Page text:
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HMRC internal manual

Information Disclosure Guide

From
HM Revenue & Customs
Updated
, see all updates

Sharing information outside HMRC: sharing information with courts, tribunals and HMRC appeals: court proceedings when HMRC has no direct involvement

HMRC staff are sometimes asked to provide information in connection with court proceedings for purposes other than the department’s functions. For example information held by us may be relevant to civil litigation between two former business partners.

When will this occur?

There are many examples of when this may occur. For example:

* a court may require HMRC information to corroborate information which HMRC has previously given to another Government Department, and will be used in evidence. (For example the Department for Work and Pensions and the Department of Trade and Industry often use information provided by HMRC when prosecuting.) 
* litigation between an agent and their present (or former) customer may require HMRC information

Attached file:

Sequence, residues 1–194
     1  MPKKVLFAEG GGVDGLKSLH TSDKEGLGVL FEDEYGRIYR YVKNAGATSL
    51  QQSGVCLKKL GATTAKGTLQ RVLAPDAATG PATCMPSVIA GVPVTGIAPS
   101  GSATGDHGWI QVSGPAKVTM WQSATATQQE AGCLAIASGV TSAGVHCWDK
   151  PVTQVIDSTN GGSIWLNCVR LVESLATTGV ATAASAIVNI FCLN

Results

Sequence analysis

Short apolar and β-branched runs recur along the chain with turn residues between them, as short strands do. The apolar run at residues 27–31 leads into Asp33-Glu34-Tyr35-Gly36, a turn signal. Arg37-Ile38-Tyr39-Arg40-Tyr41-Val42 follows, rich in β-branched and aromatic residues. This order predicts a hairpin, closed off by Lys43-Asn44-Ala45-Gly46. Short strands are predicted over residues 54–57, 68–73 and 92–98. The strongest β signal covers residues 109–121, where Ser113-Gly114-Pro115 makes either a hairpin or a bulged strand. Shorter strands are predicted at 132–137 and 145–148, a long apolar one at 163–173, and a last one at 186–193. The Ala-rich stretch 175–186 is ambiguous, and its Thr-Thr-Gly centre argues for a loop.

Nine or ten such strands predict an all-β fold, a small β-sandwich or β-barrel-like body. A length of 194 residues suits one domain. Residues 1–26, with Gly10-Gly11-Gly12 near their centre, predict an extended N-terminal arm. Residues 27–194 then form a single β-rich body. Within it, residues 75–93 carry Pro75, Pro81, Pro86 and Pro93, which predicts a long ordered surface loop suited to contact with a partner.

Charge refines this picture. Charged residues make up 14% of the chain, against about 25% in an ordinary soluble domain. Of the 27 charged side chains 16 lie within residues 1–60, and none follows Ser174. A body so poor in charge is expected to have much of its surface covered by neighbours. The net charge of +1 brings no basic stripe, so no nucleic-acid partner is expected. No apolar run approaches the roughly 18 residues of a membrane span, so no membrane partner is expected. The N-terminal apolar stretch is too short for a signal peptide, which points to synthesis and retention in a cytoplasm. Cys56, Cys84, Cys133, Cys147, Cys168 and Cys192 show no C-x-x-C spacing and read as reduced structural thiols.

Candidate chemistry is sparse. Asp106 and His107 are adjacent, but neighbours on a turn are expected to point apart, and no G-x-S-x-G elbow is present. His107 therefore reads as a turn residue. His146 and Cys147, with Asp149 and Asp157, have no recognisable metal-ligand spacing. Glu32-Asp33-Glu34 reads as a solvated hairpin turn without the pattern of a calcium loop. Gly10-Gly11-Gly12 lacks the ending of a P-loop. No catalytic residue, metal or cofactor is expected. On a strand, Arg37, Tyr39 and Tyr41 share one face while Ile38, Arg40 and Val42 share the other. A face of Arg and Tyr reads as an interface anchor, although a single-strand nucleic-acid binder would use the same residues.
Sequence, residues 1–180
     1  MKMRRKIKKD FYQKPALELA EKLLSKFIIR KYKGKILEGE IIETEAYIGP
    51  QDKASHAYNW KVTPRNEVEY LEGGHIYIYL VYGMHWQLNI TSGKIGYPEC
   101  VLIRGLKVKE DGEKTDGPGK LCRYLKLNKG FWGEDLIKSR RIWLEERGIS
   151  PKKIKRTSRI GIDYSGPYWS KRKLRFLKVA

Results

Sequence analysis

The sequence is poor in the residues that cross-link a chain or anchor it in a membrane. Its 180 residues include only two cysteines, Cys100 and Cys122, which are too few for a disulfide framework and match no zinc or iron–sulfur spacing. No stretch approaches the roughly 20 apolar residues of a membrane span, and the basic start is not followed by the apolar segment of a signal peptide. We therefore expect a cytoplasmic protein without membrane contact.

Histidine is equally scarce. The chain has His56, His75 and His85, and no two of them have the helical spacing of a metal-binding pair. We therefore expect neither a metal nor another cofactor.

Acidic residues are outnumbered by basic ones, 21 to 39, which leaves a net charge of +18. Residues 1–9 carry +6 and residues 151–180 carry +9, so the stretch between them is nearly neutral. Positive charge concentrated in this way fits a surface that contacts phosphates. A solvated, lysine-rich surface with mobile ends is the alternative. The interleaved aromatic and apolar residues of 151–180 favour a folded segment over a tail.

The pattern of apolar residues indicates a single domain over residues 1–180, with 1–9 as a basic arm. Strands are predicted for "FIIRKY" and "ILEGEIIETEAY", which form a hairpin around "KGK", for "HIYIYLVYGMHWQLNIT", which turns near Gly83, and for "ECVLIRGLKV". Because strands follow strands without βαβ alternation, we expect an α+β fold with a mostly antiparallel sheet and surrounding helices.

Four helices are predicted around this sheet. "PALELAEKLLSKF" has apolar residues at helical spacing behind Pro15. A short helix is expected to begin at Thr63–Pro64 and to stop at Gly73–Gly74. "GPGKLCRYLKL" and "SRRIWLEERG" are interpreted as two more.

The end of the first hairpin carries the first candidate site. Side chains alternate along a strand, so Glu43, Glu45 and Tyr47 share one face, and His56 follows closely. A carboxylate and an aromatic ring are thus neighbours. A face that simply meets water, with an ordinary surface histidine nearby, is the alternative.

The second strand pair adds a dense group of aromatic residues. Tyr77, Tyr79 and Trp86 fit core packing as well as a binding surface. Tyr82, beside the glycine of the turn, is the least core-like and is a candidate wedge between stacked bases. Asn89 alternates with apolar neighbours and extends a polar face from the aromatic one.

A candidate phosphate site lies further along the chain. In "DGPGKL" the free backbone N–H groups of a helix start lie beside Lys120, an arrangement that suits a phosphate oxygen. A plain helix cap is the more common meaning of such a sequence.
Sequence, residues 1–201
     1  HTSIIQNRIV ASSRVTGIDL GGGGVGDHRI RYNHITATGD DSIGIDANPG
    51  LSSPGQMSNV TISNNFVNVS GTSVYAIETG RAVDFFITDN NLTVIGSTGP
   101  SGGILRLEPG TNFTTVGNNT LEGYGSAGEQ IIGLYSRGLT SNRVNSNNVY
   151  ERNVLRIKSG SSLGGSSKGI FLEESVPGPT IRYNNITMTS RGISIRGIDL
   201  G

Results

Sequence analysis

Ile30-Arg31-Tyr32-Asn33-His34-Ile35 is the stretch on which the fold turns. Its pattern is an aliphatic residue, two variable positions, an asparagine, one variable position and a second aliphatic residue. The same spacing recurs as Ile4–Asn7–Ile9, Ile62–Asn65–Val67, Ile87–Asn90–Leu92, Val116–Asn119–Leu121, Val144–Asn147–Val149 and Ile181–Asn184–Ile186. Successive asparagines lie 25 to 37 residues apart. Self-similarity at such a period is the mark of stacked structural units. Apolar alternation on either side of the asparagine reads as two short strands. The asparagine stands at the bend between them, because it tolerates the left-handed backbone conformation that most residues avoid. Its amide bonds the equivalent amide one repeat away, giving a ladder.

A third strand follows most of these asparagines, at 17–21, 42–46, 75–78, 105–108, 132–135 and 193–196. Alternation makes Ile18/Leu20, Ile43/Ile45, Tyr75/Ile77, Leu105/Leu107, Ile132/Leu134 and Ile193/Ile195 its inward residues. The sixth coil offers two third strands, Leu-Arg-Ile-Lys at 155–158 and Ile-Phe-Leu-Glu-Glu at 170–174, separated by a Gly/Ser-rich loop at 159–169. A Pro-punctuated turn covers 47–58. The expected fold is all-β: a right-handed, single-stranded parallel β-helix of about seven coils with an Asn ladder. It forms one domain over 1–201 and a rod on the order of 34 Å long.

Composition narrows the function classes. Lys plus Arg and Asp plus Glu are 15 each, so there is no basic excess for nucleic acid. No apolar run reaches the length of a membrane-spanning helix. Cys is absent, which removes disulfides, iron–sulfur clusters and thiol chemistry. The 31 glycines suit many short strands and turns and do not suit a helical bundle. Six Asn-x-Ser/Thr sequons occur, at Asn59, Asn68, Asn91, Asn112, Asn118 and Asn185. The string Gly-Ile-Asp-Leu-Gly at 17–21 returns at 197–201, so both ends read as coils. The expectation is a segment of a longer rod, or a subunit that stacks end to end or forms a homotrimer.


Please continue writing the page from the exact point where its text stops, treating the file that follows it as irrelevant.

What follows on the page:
* in corporate disputes the courts may ask HMRC to provide information to substantiate evidence provided by either of the parties.

Procedure to follow

HMRC may only provide information to a court when issued with a court order, subpoena or witness summons which is binding on the department. See IDG40540.

If the court requests information from us, but does not issue a court order, witness statement or subpoena which is binding on the department disclosure of HMRC confidential information is not permitted. In such circumstances an alternative would be for the party whose confidential information is being sought to give explicit consent to the disclosure, see IDG30210. It may often be in the customer’s interests to consent to disclosure if they are involved in the litigation.

Further guidance

If you are unsure of what type of request from the court you have been issued with, or would like further guidance contact your Data Guardian.